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A series of random copolymers were synthesized via the copolymerization of a carbohydrate lactone, acetic acid 5-acetoxy-6-oxotetrahydropyran-2-yl methyl ester (1), and ε-caprolactone. The copolymers were characterized by nuclear magnetic resonance (NMR) spectroscopy, size exclusion chromatography (SEC), differential scanning calorimetry (DSC), and thermal gravimetric analysis (TGA). Copolymers (P1-P4) were produced with typical carbohydrate ester compositions of 1-4 mol %. These copolymers are semicrystalline and can be processed into thin films with Young's moduli of 300-420 MPa, values that exceed that for polycaprolactone (PCL). The copolymers were processed using supercritical carbon dioxide (scCO2, 35 C, 200 bar) into foamed, porous scaffolds, which were characterized by dynamic mechanical thermal analyses (DMTA), mercury porosimetry, and scanning electron microscopy (SEM). The copolymer foams showed increased pore size with increasing carbohydrate ester content. The average pore size increased from 71 μm (PCL) to 319 μm (P4). The foamed scaffolds have normalized storage moduli ranging from 37 MPa cm3g-1 (P4) to 109 MPa cm3g-1 (P1). A representative copolymer foamed scaffold, tested according to ISO 10993-5 criteria, was cytocompatible for cell culture. MC3T3 cells cultured on a film of this copolymer showed increased relative metabolic activities compared to cells cultured on a PCL film. When primary bovine chondrocytes were cultured on the foamed scaffolds, increased cell penetration into the random copolymer foam was observed compared to PCL foams. © 2013 American Chemical Society.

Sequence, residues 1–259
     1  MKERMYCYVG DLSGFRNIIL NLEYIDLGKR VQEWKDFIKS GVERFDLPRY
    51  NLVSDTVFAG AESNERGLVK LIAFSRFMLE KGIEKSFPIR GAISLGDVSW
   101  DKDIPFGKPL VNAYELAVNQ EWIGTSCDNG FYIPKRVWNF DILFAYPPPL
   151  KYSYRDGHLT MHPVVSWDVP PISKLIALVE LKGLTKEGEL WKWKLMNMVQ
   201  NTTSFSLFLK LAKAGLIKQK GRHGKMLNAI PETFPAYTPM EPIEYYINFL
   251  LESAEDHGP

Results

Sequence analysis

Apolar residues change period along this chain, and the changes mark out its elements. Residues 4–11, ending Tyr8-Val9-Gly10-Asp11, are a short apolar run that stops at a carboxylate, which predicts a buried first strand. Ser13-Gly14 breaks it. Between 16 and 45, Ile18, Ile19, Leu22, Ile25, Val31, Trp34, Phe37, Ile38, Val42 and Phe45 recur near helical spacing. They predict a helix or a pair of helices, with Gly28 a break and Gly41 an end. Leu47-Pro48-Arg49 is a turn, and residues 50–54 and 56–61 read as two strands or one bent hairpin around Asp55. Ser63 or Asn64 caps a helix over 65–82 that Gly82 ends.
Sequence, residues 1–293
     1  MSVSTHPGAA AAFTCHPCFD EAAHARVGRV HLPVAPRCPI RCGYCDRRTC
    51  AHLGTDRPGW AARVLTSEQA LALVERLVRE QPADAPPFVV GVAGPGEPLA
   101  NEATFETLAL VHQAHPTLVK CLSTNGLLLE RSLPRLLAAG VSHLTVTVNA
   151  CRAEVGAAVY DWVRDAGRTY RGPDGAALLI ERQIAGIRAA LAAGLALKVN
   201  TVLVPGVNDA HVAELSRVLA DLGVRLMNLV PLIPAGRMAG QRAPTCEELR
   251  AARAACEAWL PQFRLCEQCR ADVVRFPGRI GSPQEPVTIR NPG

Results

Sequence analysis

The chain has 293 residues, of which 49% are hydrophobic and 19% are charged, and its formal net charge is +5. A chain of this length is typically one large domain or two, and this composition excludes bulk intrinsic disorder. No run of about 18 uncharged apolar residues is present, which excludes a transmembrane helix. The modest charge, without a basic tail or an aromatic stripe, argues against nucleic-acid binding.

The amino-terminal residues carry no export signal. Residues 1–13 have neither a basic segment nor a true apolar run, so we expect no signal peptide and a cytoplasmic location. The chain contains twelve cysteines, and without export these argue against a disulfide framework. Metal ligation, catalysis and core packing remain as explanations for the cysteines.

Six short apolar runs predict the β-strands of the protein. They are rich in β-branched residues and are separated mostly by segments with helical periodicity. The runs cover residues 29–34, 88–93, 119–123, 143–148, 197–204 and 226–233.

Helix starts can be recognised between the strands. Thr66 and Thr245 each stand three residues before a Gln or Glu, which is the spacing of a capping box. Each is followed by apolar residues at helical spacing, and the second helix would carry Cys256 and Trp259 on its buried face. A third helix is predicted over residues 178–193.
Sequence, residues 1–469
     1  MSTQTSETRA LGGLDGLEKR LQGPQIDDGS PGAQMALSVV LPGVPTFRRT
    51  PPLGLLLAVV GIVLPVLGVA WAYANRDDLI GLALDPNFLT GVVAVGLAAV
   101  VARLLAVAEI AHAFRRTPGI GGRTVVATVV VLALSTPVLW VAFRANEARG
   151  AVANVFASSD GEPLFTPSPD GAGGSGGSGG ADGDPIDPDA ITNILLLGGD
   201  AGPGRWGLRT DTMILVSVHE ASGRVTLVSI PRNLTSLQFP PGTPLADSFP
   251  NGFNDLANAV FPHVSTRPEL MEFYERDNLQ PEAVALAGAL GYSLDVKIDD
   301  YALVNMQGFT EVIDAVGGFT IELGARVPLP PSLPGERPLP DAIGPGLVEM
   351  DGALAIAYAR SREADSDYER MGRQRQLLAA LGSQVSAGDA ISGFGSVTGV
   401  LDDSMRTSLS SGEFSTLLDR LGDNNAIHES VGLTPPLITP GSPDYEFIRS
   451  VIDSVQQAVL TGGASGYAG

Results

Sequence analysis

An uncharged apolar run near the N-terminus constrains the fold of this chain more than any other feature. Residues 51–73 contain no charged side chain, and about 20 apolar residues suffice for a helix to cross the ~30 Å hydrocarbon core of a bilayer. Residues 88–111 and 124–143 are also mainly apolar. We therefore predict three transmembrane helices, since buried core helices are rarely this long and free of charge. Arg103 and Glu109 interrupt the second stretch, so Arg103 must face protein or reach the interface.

Original publication




Journal article



Publication Date





8136 - 8143